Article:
Will skeeter-swatting for self-preservation in the Beartooths have some similar karmic outcome? Is it substantially different from participating in, say, a coyote killing contest or blasting prairie dogs into a “red mist“? I believe it is, both in complexity/sentience of the target and intent of the agent. But that doesn’t mean I enjoy it…or even have to like it.

6 Responses

  1. I both smiled and commiserated with you throughout this post, Kathleen. Let’s just say you wouldn’t have found me asking WHY you released those dear mice. (Or were they deer mice? ha!) And you won’t find me blaming you for trying to preserve your skin and your sanity and your sleep against those welt-raising swarms.

    Question: Do you have a bookstore near your house? If so, could the clerk order KINSHIP WITH ALL LIFE by J. ALLEN BOONE for you? (It’s probably on Amazon, but I try not to recommend this purveyor of dog-fighting books and foie gras.) Alternatively, do you have a library that, even if it doesn’t own KINSHIP, could order it from another library system (in-state or out-of-state) via Inter Library Loan?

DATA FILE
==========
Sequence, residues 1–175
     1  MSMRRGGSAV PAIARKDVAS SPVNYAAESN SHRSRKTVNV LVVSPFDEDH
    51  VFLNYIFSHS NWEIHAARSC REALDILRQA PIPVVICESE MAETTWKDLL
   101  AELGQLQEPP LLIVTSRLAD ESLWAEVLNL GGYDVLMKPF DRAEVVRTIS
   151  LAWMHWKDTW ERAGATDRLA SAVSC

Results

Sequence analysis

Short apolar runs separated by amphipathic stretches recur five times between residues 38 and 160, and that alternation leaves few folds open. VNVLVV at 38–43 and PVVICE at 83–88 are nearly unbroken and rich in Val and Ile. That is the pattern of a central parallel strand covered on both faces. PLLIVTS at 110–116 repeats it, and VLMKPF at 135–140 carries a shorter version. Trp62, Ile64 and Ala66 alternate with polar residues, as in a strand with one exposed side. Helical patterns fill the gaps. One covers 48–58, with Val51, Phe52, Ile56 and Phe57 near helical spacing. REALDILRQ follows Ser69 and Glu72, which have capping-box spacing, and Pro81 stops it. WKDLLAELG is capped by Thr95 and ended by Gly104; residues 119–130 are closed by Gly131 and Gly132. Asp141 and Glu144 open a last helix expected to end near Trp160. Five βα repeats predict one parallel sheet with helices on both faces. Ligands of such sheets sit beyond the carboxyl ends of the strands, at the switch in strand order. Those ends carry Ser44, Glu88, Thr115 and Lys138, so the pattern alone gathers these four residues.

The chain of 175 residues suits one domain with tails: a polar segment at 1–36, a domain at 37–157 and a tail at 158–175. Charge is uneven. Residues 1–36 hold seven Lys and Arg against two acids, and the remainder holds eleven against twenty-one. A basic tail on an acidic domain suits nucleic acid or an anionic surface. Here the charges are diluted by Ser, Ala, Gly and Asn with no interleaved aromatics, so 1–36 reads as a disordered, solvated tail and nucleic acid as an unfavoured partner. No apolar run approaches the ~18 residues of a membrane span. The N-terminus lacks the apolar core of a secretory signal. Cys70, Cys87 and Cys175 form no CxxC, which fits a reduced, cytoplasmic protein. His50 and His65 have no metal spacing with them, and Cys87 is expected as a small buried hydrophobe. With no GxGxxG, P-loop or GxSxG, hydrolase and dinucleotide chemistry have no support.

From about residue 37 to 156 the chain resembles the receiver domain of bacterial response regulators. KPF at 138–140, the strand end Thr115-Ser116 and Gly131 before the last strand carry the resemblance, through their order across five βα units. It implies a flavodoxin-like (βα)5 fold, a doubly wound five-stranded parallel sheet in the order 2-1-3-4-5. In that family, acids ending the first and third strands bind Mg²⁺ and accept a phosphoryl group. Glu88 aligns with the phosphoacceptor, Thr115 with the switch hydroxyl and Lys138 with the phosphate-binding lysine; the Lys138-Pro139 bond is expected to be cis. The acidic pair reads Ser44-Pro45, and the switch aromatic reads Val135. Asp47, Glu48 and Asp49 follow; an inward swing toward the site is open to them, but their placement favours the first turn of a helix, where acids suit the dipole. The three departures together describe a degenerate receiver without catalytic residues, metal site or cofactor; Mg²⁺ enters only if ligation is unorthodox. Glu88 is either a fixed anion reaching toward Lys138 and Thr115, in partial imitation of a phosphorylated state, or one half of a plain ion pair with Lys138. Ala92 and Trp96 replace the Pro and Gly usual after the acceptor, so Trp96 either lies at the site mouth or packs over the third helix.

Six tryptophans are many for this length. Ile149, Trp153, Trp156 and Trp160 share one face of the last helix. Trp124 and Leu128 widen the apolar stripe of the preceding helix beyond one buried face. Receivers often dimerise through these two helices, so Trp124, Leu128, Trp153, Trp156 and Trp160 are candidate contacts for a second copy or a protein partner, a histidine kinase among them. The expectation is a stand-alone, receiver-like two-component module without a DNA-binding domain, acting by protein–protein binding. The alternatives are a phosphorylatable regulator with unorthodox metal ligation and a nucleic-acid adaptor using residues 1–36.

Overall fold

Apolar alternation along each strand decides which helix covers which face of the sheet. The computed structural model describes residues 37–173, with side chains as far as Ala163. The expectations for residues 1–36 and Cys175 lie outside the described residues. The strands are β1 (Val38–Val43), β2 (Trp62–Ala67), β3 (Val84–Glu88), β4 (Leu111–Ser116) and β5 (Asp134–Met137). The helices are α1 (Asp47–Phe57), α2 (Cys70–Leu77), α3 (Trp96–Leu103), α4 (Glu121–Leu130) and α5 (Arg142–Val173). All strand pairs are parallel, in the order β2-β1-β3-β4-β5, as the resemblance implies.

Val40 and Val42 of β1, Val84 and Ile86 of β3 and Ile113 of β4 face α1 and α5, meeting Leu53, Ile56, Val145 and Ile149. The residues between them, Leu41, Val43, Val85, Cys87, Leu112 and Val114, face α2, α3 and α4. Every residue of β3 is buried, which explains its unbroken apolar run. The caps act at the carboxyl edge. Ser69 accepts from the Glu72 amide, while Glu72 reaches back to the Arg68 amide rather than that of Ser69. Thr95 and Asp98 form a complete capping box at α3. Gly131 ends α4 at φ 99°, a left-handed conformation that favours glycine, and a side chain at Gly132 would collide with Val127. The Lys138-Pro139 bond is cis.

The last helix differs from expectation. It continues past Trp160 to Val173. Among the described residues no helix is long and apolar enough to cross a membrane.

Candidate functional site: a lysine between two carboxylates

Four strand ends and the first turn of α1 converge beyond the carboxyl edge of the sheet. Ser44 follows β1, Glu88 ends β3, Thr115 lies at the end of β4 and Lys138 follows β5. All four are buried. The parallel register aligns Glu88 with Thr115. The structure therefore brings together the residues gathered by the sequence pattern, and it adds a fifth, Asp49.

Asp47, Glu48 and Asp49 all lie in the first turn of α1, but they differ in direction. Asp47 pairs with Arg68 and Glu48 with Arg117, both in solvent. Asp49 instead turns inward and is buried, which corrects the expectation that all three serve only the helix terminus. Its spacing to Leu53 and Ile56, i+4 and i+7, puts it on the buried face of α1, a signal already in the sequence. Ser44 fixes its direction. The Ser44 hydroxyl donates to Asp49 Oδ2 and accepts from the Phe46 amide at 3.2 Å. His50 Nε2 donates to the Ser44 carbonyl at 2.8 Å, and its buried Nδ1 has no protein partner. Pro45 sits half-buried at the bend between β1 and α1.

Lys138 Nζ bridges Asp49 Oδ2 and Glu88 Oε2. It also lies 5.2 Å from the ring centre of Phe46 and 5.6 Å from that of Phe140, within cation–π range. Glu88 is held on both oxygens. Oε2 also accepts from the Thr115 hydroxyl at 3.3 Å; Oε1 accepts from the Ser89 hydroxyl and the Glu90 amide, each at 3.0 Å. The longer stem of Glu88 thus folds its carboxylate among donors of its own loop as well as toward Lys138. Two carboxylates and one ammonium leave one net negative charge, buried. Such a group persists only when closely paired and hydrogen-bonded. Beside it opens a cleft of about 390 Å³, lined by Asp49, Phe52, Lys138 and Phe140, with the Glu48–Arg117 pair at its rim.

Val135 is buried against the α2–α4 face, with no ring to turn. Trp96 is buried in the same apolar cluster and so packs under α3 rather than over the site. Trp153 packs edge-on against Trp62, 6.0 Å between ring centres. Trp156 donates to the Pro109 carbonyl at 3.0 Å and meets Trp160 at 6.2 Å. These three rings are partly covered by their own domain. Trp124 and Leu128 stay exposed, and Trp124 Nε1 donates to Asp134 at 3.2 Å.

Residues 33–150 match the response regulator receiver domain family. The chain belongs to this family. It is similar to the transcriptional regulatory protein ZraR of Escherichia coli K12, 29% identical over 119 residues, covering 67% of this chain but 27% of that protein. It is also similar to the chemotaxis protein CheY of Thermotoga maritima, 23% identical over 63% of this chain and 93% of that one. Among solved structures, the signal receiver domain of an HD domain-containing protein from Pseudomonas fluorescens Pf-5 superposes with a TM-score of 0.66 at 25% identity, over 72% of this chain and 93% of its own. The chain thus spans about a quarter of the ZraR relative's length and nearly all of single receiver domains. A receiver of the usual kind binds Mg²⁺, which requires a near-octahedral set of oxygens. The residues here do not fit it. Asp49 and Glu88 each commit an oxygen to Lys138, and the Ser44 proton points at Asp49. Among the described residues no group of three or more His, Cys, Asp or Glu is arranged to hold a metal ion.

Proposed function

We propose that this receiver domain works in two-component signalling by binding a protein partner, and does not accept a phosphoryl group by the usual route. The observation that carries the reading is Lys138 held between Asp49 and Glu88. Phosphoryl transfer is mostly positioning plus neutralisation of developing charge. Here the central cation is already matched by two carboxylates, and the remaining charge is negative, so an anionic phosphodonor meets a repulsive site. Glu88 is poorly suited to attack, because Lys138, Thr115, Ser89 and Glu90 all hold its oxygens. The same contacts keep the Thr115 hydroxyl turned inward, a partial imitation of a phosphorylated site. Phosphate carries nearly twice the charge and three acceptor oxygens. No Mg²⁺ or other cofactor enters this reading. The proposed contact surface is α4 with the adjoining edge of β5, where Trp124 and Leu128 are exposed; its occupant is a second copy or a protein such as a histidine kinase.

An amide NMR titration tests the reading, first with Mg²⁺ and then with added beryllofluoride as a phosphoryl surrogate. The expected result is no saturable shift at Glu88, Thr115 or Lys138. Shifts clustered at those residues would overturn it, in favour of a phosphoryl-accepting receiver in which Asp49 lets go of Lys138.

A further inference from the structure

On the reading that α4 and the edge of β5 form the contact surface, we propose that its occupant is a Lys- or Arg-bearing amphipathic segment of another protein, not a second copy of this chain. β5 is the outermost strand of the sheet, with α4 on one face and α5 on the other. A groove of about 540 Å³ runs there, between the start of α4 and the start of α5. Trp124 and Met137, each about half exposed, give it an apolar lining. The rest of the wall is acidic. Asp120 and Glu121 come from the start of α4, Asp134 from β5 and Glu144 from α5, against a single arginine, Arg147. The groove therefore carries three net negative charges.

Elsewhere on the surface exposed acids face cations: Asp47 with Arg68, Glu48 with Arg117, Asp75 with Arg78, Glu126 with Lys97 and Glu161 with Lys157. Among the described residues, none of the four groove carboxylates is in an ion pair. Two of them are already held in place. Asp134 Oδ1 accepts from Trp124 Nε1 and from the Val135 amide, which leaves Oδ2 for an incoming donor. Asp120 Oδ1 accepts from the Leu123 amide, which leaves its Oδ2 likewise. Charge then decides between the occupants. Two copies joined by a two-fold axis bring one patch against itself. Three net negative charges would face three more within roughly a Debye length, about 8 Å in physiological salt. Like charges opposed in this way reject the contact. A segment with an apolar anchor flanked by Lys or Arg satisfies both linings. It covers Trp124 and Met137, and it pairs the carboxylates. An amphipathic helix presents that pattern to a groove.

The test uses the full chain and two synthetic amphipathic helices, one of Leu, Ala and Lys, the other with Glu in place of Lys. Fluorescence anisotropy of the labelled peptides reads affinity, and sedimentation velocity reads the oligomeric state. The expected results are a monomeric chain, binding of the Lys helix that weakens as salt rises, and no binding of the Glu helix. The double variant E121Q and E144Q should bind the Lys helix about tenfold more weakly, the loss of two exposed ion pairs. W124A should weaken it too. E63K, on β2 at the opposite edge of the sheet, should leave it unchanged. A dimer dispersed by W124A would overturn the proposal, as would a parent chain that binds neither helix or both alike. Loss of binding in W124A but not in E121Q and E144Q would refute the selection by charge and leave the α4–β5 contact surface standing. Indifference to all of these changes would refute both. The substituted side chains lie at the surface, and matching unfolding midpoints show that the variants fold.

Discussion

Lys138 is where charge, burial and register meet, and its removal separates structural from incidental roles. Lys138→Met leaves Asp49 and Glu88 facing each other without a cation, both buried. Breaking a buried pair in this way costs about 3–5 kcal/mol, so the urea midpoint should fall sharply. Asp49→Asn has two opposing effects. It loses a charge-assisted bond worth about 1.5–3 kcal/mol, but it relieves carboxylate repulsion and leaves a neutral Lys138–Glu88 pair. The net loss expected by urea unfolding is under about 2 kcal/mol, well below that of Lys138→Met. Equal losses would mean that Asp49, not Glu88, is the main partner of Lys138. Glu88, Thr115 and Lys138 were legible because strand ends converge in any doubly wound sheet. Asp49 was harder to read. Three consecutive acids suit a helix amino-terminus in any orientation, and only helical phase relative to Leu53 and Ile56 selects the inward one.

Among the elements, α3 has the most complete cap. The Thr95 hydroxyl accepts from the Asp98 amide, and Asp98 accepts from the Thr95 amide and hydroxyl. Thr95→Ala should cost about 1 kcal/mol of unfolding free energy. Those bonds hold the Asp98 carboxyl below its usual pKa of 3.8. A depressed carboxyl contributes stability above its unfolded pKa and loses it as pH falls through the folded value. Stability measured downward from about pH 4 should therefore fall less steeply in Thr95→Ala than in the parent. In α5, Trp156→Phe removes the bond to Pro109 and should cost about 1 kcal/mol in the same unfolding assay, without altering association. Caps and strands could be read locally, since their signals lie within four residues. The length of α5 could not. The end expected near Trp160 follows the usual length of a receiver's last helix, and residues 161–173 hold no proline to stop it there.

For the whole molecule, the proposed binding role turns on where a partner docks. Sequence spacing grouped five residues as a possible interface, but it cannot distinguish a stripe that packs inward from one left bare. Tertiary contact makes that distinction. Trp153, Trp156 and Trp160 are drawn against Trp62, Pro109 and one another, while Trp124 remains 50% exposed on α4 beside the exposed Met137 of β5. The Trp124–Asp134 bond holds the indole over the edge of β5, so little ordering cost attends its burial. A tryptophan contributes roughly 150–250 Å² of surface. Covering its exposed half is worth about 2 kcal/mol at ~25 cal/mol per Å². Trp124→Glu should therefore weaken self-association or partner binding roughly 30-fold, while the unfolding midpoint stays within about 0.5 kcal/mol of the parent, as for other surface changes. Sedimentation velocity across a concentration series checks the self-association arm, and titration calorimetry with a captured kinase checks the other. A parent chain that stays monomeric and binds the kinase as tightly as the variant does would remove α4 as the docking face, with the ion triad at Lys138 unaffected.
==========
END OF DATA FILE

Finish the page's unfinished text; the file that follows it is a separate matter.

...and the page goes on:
While the author doesn’t feature mosquitoes, he devotes seven chapters to the story of Freddie the Fly, as engaging, intelligent, inspirational and intuitive a friend to Boone as any dog you’ll run across. (Allen and Freddie communicate silently.)

    There’s also a tale about ants, which you could apply to your mosquitoes friends the next time you see, feel or hear them (needn’t wait for another backpacking trip to experiment).

    The book’s primary character, though, is German Shepherd silent film star Strongheart, with whom Boone develops an incredibly deep, spiritual relationship.